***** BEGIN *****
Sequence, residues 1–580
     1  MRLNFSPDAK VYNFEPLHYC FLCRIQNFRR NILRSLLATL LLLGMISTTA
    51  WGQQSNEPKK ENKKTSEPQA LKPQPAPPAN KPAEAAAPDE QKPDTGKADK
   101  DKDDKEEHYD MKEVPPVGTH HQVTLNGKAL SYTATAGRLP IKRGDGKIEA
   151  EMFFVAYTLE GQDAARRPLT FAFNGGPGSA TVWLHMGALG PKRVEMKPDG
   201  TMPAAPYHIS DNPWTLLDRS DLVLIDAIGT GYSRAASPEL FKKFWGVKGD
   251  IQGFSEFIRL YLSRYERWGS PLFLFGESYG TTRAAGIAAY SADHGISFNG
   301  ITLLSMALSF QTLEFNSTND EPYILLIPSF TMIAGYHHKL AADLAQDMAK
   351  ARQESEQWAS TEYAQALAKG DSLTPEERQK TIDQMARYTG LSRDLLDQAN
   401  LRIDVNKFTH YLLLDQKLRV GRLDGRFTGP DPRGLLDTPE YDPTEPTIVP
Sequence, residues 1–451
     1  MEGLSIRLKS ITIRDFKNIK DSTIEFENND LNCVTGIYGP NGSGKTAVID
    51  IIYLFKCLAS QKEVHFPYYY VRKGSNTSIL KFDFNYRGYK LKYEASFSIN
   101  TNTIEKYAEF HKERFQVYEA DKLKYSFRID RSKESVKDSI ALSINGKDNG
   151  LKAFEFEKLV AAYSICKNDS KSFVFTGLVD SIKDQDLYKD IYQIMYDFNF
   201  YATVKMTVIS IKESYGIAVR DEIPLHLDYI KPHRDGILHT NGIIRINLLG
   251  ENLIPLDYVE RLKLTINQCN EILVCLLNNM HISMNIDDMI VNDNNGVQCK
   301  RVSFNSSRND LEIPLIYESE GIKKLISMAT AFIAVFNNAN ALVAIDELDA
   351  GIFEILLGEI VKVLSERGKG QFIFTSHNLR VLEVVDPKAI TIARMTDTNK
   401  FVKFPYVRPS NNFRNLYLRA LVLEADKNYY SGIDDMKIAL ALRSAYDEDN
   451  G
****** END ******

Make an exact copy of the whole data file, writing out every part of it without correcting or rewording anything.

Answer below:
Sequence, residues 1–580
     1  MRLNFSPDAK VYNFEPLHYC FLCRIQNFRR NILRSLLATL LLLGMISTTA
    51  WGQQSNEPKK ENKKTSEPQA LKPQPAPPAN KPAEAAAPDE QKPDTGKADK
   101  DKDDKEEHYD MKEVPPVGTH HQVTLNGKAL SYTATAGRLP IKRGDGKIEA
   151  EMFFVAYTLE GQDAARRPLT FAFNGGPGSA TVWLHMGALG PKRVEMKPDG
   201  TMPAAPYHIS DNPWTLLDRS DLVLIDAIGT GYSRAASPEL FKKFWGVKGD
   251  IQGFSEFIRL YLSRYERWGS PLFLFGESYG TTRAAGIAAY SADHGISFNG
   301  ITLLSMALSF QTLEFNSTND EPYILLIPSF TMIAGYHHKL AADLAQDMAK
   351  ARQESEQWAS TEYAQALAKG DSLTPEERQK TIDQMARYTG LSRDLLDQAN
   401  LRIDVNKFTH YLLLDQKLRV GRLDGRFTGP DPRGLLDTPE YDPTEPTIVP
Sequence, residues 1–451
     1  MEGLSIRLKS ITIRDFKNIK DSTIEFENND LNCVTGIYGP NGSGKTAVID
    51  IIYLFKCLAS QKEVHFPYYY VRKGSNTSIL KFDFNYRGYK LKYEASFSIN
   101  TNTIEKYAEF HKERFQVYEA DKLKYSFRID RSKESVKDSI ALSINGKDNG
   151  LKAFEFEKLV AAYSICKNDS KSFVFTGLVD SIKDQDLYKD IYQIMYDFNF
   201  YATVKMTVIS IKESYGIAVR DEIPLHLDYI KPHRDGILHT NGIIRINLLG
   251  ENLIPLDYVE RLKLTINQCN EILVCLLNNM HISMNIDDMI VNDNNGVQCK
   301  RVSFNSSRND LEIPLIYESE GIKKLISMAT AFIAVFNNAN ALVAIDELDA
   351  GIFEILLGEI VKVLSERGKG QFIFTSHNLR VLEVVDPKAI TIARMTDTNK
   401  FVKFPYVRPS NNFRNLYLRA LVLEADKNYY SGIDDMKIAL ALRSAYDEDN
   451  G